Food Along the Last Mile
The technological disruption that brought us rideshare companies like Uber is also enabling a large platform for online food delivery aggregators. For companies with both rideshare and food delivery businesses, the proportionate role of food delivery is increasing (Exhibit 1).
Exhibit 1: Food Delivery Increasingly on the Menu
This is not surprising: food delivery sales in the U.S. for online aggregators are taking off. We are now at $20 billion in gross annual sales, just counting DoorDash, Uber Eats, Grubhub and Postmates, to name four of the larger players (Exhibit 2). Sales through these platforms are growing at around 60% year over year. While this is small compared to overall U.S. restaurant sales (which are an estimated $800 billion a year, including delivery, dine in and drive through), the total pie of digital-enabled delivery is slated to grow.
Exhibit 2: U.S. Online Food Delivery Is Growing Steadily
At the same time, as online food delivery aggregators are offering enhanced convenience and expanded food selection to consumers, new questions have arisen about food safety and protection for drivers and couriers in the gig economy. Food safety questions run the gamut from whether drivers can maintain correct hot or cold temperatures for food in their cars to concerns around food tampering from couriers. Labor questions surround benefits and pay for delivery drivers and couriers, most of whom are working part-time.
Ultimate success of online delivery companies may depend on the strength of partnerships with restaurants, in effect bringing drivers’ incentives into closer alignment with those of the restauranteurs, and the ability to leverage technology to reduce food safety incidents and improve delivery efficiency. ClearBridge holding Grubhub looks to be well-positioned in both regards. Through our regular engagements with Grubhub, we remain in active dialogue on best practices with regards to both food safety and labor relations.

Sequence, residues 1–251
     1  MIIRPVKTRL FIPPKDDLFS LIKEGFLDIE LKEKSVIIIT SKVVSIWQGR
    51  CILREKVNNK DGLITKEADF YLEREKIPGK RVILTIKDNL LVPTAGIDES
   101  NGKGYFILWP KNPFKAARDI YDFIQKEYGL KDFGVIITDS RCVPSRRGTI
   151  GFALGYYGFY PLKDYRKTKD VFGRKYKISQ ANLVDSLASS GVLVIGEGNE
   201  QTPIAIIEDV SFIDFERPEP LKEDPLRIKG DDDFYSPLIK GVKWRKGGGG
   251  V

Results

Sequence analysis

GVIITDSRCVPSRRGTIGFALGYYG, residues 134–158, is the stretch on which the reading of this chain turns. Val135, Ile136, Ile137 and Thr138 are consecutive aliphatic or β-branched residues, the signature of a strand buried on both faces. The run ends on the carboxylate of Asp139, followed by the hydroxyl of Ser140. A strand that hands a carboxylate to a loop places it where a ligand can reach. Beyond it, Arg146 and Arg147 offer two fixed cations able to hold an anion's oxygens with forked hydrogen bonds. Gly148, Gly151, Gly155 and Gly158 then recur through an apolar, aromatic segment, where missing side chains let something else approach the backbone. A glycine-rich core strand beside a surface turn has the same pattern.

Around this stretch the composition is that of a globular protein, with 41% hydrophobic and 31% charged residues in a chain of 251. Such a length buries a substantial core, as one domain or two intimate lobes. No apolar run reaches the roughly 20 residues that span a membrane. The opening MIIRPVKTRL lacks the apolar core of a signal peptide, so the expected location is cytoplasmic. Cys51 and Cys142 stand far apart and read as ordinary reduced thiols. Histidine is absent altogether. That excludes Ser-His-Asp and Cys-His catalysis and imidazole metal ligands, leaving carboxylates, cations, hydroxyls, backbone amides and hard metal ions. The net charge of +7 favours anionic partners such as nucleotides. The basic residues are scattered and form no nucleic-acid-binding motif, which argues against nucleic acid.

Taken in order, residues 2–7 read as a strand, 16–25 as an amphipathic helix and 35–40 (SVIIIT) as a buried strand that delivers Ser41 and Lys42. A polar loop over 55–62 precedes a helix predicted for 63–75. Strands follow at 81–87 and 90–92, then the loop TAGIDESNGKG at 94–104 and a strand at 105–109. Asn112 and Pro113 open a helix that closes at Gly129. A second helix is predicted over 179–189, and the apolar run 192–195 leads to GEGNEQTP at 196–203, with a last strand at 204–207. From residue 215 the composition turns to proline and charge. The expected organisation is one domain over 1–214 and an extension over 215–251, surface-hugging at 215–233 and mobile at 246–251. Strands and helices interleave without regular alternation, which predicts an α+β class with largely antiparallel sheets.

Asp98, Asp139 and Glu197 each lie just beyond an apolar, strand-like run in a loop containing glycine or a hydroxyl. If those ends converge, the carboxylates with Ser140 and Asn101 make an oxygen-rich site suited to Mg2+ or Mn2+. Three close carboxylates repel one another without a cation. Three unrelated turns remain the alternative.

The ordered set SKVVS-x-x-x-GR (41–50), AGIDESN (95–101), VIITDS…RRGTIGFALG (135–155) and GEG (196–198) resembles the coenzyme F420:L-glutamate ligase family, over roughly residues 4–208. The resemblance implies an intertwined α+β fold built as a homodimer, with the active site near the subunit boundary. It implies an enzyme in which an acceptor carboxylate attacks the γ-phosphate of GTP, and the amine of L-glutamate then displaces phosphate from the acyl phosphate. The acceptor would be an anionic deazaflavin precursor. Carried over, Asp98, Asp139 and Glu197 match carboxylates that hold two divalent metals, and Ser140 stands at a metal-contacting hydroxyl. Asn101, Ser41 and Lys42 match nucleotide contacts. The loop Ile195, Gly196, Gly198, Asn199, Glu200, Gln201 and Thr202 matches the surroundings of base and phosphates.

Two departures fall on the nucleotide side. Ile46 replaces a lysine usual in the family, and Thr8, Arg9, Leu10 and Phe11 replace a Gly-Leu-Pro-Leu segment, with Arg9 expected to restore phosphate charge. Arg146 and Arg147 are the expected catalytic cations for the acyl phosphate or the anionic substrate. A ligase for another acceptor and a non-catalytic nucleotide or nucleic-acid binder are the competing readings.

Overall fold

Consumers Are Playing an Increasing Role
The role of the consumer in these changing dynamics should not be forgotten. Consumers voting with their wallets have been successful at changing, or at least helping steer, a whole industry, and this has occurred largely only in the past few years. While a common criticism is that more sustainably sourced foods are usually more expensive and more available to affluent consumers, this situation may be changing, if slowly. ClearBridge holding Costco, is both the largest warehouse food retailer in the U.S. and a top organic food retailer. Given its scale, Costco is making organic and natural food products more price competitive, helping to overcome some cost barriers. At the same time, shopping for organic or sustainably sourced products can be confusing. For example, little consensus and few useful laws regarding organics labelling make determining which products are truly organic a challenge.
From production to consumption, food covers many industries and offers ClearBridge many avenues for understanding and engaging with companies we own both on best practices and on disruptive innovations that are both offering economic opportunities and potential solutions to pressing environmental problems. We continue to work with our portfolio companies to create more ways in which consumers and investors can truly change the food landscape.